These are the states where the most millennials live at home: MAP

New York, New Jersey and Connecticut are naturally chief offenders

TRD New York /
Aug.August 27, 2016 11:00 AM
 

Everyone loves to give millennials a hard time. They don’t like cars, they aren’t getting married, they aren’t “go-getters.” Even Martha Stewart recently took them to task in LLNYC last cover story.

But love them or hate them, they aren’t buying homes. Nearly a third of millennials are living with their parents into adulthood.

Now, a new study is helping us visualize where millennials are still staying at home – and where they are diving into the real estate market.

It should come as no surprise that in states where the real estate market is the most competitive, the number of millennials living with their parents increases. For example, New Jersey has the highest number of stay-at-home millennials, with 43.9 percent of its millennial population refusing to move out, according to Curbed.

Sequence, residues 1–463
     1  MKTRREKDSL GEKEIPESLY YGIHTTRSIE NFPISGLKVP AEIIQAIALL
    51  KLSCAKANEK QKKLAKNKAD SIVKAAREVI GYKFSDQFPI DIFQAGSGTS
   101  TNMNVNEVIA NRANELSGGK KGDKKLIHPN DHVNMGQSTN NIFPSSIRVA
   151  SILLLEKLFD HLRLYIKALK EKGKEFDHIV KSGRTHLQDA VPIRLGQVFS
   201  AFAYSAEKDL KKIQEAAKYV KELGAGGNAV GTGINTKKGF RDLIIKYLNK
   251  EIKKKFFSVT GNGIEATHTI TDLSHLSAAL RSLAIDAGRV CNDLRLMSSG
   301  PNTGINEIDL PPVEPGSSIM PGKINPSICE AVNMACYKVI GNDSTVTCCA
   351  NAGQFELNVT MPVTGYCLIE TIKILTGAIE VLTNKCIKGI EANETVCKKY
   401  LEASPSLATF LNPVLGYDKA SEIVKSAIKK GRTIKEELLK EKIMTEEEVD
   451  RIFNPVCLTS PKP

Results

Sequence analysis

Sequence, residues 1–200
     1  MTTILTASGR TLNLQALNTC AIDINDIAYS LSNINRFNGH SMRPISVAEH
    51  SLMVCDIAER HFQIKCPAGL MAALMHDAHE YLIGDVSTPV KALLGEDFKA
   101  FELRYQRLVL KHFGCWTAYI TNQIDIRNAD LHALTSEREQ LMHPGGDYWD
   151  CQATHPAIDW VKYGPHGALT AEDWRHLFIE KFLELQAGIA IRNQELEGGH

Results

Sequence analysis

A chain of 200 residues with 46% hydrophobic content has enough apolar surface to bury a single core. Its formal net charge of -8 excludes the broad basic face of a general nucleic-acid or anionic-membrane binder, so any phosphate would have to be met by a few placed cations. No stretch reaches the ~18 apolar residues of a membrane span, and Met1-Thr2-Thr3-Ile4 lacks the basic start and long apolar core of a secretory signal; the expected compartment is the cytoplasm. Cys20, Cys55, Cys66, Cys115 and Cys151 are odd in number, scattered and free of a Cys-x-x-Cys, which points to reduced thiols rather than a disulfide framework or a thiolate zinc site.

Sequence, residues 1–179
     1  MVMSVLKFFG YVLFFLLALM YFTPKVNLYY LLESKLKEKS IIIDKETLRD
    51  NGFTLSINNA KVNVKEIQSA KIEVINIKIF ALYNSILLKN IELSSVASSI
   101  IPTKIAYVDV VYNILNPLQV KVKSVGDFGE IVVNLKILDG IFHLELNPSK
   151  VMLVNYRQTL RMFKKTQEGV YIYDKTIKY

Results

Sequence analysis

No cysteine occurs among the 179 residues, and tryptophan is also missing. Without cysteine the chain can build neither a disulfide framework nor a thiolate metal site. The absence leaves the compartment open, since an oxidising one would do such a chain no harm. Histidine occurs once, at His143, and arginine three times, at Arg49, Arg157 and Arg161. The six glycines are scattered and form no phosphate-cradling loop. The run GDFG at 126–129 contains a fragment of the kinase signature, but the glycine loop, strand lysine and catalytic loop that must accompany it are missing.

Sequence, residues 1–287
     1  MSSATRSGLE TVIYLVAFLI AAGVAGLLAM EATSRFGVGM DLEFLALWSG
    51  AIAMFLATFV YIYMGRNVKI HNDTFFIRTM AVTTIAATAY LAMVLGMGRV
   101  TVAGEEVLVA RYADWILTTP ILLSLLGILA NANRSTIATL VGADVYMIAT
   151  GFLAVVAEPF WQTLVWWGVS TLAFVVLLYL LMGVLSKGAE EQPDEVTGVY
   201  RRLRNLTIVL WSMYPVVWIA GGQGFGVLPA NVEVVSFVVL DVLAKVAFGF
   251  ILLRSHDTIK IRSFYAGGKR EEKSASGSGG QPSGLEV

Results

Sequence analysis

Just behind Jersey, Connecticut clocked in with 38.8 percent. And in New York, 37.4 percent of young people are unable (or unwilling) to rent or buy for themselves.

Check out the map below created by Stateline from 2014 census data.

[Curbed]Christopher Cameron


Related Articles

arrow_forward_ios
Cammeby's International Group founder Rubin Schron and, from top: 194-05 67th Avenue, 189-15 73rd Avenue and 64-05 186th Lane (Credit: Google Maps)

Ruby Schron lands $500M refi for sprawling Queens apartment portfolio

Wendy Silverstein, co-head of WeWork’s real-estate fund, is out

WeWork’s side businesses are fizzling

CoStar reaches $11M settlement in copyright infringement suit against Xceligent

620 Sixth Avenue and RXR Realty's Scott Rechler (Credit: Getty Images, RXR Realty)

RXR gets $400M+ from Goldman Sachs to refi Sixth Avenue building

A New York court’s greenlight of a class action against Big City Realty could change the dynamic of class action suits. (Credit: iStock)

“Nightmare” for landlords: Court OK’s class action against Harlem owner

WeWork founder scrambled for $100M loan before $1.7B bailout

The Daily Digest - Tuesday

WeWork’s cash flow troubles, selling NYCHA’s air rights and more: Daily digest

arrow_forward_ios